Key Takeaway

Versatility is the key in today’s technology, which is why tools like SERPed is a welcomed addition to the list of effective SEO software. Its features allow you to not only access data, but also assist you with tasks such as site analysis, and content management. With all of the SEO tools out there, I can say that SERPed is simply one of the best.

What do you think about SERPed? Tell me your thoughts in the comments section below.

SERPed Site Management and Site Explorer Review was originally posted by Video And Blog Marketing

How a nonprofit leveraged a Value Proposition Workshop to see a 136% increase in conversions

Experiment: Background

Background: Willow Creek Association is a nonprofit organization committed to transforming leaders in their respective communities. Each year, they host a two-day event (Global Leadership Summit) to provide those leaders with training from speakers in successful companies.

Goal:  To increase order conversion

Primary Research Question: How can we create more value to increase conversions?

When The Global Leadership Summit team saw a significant decline in conversions from 2015 to 2016, they established a testing culture to understand why the change. One of the hypotheses behind the decline was removing the incentive, but testing proved it was not the incentive that affected the decline; it was the value proposition. Their next step was to analyze their current page for the gaps in perceived value for the prospect. The GLS team held a Value Proposition Workshop and applied their new learnings to their 2017 homepage for the summit — the results are worth sharing.

Experiment: Control

To begin, let’s focus on the value delivery of the control. At first glance, the GLS team noticed that the page held very little perceived value in the headlines and the copy. The GLS team concluded that the headline “About the GLS” did not give enough value. To a new prospect, who has never heard of The Global Leadership Summit, “GLS” might be a big jump. To assume that the prospect would understand this (or even need this information) is dangerous because it does not meet the prospect where they are in the thought sequence. As marketers, we need to ask ourselves: what is the sequential process in their minds as they enter this page? The prospect will probably ask questions more aligned to: How does this summit benefit me? What do I get out of it? Where is it located? Where do I have to travel? Who will be there? How can this improve my current career path? If marketers fail to ask the correct questions with the prospect in mind, we fail to find the correct answers.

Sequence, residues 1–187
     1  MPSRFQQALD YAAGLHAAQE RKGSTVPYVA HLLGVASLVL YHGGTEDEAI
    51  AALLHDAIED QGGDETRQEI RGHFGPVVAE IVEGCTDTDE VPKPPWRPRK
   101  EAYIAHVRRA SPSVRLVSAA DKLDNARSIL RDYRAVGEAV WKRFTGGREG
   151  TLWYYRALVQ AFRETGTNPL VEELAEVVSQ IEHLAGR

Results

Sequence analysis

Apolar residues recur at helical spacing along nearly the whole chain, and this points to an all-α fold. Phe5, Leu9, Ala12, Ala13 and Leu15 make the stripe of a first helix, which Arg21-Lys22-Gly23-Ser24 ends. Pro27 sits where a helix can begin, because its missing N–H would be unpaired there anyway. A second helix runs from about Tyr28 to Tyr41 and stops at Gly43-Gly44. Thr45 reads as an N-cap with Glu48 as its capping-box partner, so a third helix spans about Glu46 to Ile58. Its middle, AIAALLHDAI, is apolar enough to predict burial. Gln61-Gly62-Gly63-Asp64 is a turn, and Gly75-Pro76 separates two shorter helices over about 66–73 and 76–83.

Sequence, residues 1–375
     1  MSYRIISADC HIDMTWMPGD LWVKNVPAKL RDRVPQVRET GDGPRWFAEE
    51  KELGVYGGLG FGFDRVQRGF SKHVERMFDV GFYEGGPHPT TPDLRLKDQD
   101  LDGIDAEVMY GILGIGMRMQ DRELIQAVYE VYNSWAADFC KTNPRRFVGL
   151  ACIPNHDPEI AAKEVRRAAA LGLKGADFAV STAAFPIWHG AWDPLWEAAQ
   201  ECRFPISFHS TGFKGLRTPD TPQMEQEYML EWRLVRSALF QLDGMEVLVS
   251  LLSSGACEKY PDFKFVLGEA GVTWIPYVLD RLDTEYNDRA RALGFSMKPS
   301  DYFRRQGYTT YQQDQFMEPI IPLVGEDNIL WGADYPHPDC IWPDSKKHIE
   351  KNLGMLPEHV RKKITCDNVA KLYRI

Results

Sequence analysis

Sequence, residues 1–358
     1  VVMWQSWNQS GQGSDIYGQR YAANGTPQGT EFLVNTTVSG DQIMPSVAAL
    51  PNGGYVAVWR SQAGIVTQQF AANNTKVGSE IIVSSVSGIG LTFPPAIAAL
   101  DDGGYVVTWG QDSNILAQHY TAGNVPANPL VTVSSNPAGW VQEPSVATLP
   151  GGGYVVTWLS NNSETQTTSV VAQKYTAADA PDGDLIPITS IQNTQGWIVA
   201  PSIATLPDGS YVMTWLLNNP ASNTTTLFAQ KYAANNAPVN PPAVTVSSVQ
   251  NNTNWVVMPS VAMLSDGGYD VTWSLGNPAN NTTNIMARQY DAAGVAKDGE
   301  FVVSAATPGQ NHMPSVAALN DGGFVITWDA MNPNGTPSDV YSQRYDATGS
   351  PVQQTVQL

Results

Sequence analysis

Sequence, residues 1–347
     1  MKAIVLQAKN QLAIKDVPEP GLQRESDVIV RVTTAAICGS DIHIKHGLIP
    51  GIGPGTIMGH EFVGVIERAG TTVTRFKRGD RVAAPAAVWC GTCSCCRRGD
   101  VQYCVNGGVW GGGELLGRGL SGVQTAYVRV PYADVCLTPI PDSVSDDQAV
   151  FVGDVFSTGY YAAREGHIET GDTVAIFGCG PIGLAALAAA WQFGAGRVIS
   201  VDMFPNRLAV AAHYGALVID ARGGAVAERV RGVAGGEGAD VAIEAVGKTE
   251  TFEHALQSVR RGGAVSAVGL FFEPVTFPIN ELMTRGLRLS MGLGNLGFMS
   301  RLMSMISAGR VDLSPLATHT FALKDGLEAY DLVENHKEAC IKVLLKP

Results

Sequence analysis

As we journey down the page, we finally come across some useful information for the prospect. There is value in the “Location and Dates” section because it answers these crucial questions the prospect might have: Where is it located? Where do I have to travel? Can this product help me? Answering these questions are great. However, its location on the page is not. What is it doing in the middle of the page? If the page fails to answer these critical questions in the first 4 inches, in combination with prospect’s impatience, the conversion could be lost. The GLS team discovered this is a problem that needed to be addressed.

And finally, after analyzing the entire page, there is absolutely no mention of the speakers in attendance. The GLS team observed that they were neglecting the other crucial questions prospects might have when entering this page, as aforementioned.

Experiment: Treatment

Here is the new Global Leadership Summit page. GLS team extracted the real value of the summit and transferred it to a homepage, only after attending the Value Proposition Workshop. Let’s see how the GLS team addressed the value perception gap.

The GLS team added quantifiable claims in the headline … in the first 4 inches of the page. We can already see a stark difference in the headlines from 2016 and 2017. The larger headline reads “Two days of World Class Leadership Training,” and then goes back to read smaller text above the headline: “You have Influence. Join 400,000 of your peers to learn how to maximize it with …” The smaller text quantifies the number of people in attendance and popularity of the summit, while the larger text uses numbers to start showing instances of the Primary Value Proposition. This is an effective way to initially capture interest and build Credibility.

This headline does not only hold Credibility in the numbers, but there is also Specificity in the blue call-out box at the top of the page. The sub-headline under “The Global Leadership Summit” is specific on the location of the event, which erases the concern for travel arrangements (a potential pain point for prospects) thus, creating value. We will continue to see more of the same information elaborated further below, which creates congruence.

They also added specific information about the speakers. In the control, there was virtually no information about the speakers. In this version, we can see the speakers listed, and additionally, we see that the GLS team provided vital information that fostered conclusions. The GLS team leveraged speaker headshots, names AND positions at their respective companies; this increased the prospect’s perceived value, answering the question: “What do I get out of this?”